Normalizing Speed Ratings in Horse Racing

Speed ratings, when normalized, can be used to spot false favorites. Normalizing is the process of adjusting speed ratings for a variety of factors. When Beyer sold his speed figures to the Daily Racing Form, the idea was to present a single number that reflects a horse’s speed. Beyer and his team contend that the numbers are reflective of all surfaces and all distances. They claim that the figures are already normalized.

This may or may not be the case. Speed rating are determined by evaluating how far off the track record a horse ran in its previous race. So, if a horse ran an 88 speed figure in his last out at a specific track, this number is based on the track record at that distance. This does not mean that the horse would run the same speed figure at the same distance on another track. To account for this, Beyer included the use of track variants to normalize the figures.

The astute handicapper will normalize figures on their own. This is often called making a track variant. The process is somewhat detailed, but it can yield amazing results when done with care. Once you have had a little practice, you will be able to create your own track variants with ease for any race track in America.

Making Normalizations of Speed Figures

You should know up front that normalizing speed figures can be a daunting process. It requires you to obtain some charts and records, and the process is time consuming. The rewards can be great, however, when you carry out the process with the right diligence.

The first step to making your normalizations will be to compile track records from all of the tracks that are represented at your preferred track. This means from any track that often ships horse to your circuit. This is simper than it might sound. If you most often bet Belmont Park in New York, you will see shippers from other New York tracks as well as from tracks in nearby states.

You can obtain the track records for different distances by checking the Daily Racing Form. This publication will occasionally print track record charts. It is also possible to use a source like Brisnet for your information. In either case, expect to pay for the service. The fee will be nominal.

Obtain a notebook and make a chart of all the tracks where horses on your circuit have raced in the past. You can find this information in a horse’s past performances. You will want to note the track record for each distance. Now, you will average the time for all the tracks and list this at the top. Below that you will list the normalization for individual tracks. Let’s look at an example.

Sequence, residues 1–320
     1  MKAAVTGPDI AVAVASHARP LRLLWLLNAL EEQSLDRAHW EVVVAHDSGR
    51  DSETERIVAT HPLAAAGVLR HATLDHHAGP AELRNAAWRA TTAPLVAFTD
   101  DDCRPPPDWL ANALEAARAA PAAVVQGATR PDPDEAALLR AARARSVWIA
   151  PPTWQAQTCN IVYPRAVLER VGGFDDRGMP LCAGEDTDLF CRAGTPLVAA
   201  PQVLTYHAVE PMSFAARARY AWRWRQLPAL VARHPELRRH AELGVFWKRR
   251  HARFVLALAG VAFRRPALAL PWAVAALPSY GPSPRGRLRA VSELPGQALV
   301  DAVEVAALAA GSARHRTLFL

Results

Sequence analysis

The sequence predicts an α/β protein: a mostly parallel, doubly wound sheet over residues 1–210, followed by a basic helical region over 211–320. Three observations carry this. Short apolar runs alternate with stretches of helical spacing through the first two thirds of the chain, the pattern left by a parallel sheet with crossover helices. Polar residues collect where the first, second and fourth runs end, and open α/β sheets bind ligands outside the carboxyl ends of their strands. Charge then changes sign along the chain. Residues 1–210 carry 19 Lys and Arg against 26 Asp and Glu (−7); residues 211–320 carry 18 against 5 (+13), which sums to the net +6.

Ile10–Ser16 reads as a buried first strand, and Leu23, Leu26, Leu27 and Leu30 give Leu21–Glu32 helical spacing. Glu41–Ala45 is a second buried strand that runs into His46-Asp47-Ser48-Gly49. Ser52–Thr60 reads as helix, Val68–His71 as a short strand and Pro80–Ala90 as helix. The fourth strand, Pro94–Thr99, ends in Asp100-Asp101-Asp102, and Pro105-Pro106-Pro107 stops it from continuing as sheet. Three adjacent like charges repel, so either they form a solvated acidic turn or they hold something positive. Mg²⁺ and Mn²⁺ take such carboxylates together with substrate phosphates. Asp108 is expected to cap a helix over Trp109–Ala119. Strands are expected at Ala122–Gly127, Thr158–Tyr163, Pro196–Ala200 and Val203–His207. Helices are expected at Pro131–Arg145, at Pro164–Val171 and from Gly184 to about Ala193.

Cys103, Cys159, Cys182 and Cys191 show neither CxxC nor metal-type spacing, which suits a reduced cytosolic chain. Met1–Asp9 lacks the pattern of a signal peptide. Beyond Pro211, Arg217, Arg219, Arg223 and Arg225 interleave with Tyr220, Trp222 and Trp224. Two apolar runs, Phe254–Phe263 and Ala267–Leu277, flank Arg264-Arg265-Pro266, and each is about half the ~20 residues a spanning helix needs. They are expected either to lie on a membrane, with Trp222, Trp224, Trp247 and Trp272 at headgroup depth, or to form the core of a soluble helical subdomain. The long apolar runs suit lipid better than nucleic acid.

The track you play most often is Louisiana Downs. This track regularly receives shippers from Delta Downs, Evangeline Downs, Fair Grounds, and Oaklawn Park. Your first step will be to get the track record for each distance at all of these tracks. When you have that, list the tracks and the appropriate times. Add the times to together and average them. Remember to list the times as a whole number and add fifths of a second. So, if a track record is 1:21.4, you will write that as 121.4.

So, let’s say that you average the times of these five tracks and come up with 121.4. The next step is to look at the track record for each individual track and determine whether it is above or below average. You will write the difference in a single number. Let’s say that Oaklawn Park’s track record at a distance is 122.4. That means it is one second slower than the average, so you will assign Oaklawn -1 in your notebook.

On race day at Louisiana Downs, or your preferred track, you will then add or subtract the number in your notebook from a horse’s speed figure. If Horse A last earned a 78 figure but the race was ran at Oaklawn Park, that figure becomes a 77 based on the previous example. Use your normalizations to customize all speed figures in this way.

This process is not easy by any means, but practice will make you better at it. Less time will be required to generate the normalizations. Finally, you will have a powerful edge over other bettors.

Using Normalizations to Spot False Favorites

Many false favorites appear each day at racetracks all over America. Many false favorites will have the best speed figure in a race. You can spot these false favorites by using your normalizations to see if they really have the best figure, or if another horse has them beat.

Suppose Horse A we mentioned has been made the favorite with a speed figure of 78. You know from your normalizations that the figure should actually be 77. Horse B has a speed figure of 76 listed in the program, but your notes reveal that this figure should actually be a 79. You have now identified a contender who might be a better choice and more deserving of a bet. Horse A could be a false favorite.

As the bets on a favorite increase, its odds go down. The odds on all other horses then go up in response. This is when you can get a good price on an overlooked horse.